Health officials don't believe testing backlogs will cause a spike in North Texas COVID-19 cases

While a large number of positive coronavirus cases come out each day in North Texas, FOX4 has learned that it may not be the whole picture.

On top of a backlog of tests from overwhelmed private labs, there are also some data problems once the numbers get to the Dallas County.

FOX4 checked on specific numbers to see how big a gap there is in reported cases based on testing backlogs.

The director of Dallas County Health and Human Services, Dr. Philip Huang, would not go that far.

He did say that while the county has experienced some problems with information coming from the drive-thru labs, he doesn't think it will create a spike in the number of cases.

“There have been issues with the drive-thru labs, us getting all the information we need, maybe some backup on that. We’ve been trying to get a handle on how big that was to see if there will be a balloon of new reports,” Dr. Huang said.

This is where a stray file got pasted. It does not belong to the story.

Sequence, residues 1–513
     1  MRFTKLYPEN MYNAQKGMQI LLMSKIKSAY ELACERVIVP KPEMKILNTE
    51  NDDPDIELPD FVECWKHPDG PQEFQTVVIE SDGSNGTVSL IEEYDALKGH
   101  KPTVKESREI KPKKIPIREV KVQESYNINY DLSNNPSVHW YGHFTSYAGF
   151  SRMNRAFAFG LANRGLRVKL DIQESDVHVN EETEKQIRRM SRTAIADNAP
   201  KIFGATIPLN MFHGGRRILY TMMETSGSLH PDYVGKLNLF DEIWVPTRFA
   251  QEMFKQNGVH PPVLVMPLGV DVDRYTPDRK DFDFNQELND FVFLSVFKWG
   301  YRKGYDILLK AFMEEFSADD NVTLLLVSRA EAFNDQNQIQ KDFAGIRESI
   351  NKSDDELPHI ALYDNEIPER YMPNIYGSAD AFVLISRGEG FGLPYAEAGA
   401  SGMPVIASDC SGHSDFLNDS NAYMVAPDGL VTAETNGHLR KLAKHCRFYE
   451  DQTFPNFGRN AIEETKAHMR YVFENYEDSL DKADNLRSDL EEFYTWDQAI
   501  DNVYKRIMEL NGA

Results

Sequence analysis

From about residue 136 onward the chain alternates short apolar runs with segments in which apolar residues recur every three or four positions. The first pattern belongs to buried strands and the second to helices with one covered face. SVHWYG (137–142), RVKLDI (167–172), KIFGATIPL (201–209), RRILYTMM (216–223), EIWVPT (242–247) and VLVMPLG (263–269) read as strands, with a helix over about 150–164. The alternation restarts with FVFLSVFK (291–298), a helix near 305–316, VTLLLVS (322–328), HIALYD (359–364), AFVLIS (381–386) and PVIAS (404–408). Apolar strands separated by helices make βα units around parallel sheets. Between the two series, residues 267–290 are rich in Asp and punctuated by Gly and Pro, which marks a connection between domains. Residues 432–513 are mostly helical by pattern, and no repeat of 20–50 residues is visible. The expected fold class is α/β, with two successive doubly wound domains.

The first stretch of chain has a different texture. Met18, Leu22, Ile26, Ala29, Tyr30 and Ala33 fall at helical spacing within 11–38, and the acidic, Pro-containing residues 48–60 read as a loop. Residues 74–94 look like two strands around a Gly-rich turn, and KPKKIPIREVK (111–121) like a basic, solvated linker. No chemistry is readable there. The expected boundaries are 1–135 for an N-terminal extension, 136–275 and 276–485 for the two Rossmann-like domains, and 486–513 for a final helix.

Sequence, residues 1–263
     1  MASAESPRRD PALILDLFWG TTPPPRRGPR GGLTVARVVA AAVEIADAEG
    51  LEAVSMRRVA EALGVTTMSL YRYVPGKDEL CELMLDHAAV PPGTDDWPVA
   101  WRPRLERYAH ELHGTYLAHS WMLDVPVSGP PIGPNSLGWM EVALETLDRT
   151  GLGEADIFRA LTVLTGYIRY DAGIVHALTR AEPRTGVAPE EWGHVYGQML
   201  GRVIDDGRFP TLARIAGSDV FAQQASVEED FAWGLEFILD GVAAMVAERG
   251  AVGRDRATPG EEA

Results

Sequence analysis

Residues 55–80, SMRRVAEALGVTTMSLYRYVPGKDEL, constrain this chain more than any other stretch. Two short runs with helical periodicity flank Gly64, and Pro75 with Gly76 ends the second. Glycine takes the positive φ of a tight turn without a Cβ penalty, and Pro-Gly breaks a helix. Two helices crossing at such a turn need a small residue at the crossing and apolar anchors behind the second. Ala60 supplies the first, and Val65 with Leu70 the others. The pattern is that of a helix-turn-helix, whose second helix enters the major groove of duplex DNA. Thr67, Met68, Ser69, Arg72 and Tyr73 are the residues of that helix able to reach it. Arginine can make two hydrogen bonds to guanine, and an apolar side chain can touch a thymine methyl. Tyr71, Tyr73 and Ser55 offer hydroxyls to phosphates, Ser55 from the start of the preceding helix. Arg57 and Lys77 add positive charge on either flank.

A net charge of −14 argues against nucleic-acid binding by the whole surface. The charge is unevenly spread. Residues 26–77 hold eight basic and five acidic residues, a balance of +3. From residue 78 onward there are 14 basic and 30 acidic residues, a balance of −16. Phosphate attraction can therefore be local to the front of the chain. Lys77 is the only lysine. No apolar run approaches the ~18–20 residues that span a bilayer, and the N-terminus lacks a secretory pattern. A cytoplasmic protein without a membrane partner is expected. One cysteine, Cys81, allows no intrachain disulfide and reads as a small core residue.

Dr. Huang said he is told the data problems the county has had are being corrected.

“We don’t think it is a big problem. As far as I can tell, we won’t see a big influx of cases as this gets resolved, but it is a dynamic situation here,” he added.

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And on top of the data issues, there are also the commercial testing company backlogs.

“It was 13 days before I got test results,” said Jason Vercher, who is a physician assistant.

With big testing companies, like LabCorp and Quest, inundated with tens of thousands of tests every day, delayed results, like those for Vercher, can be more than frustrating.

“It’s important for essential workers in healthcare, like myself, to get back to work a lot more quickly,” Vercher said. “I know those working in hospitals emergency rooms, having a provider out for 14 days could have dire consequences.”

The delays are also impacting the numbers, as the only window the public has into the crisis is keeping them behind closed doors.

“We do need to keep this up, important for all us, you’ve seen how things can get in New York, trying to prevent that and save lives,” Dr. Huang added.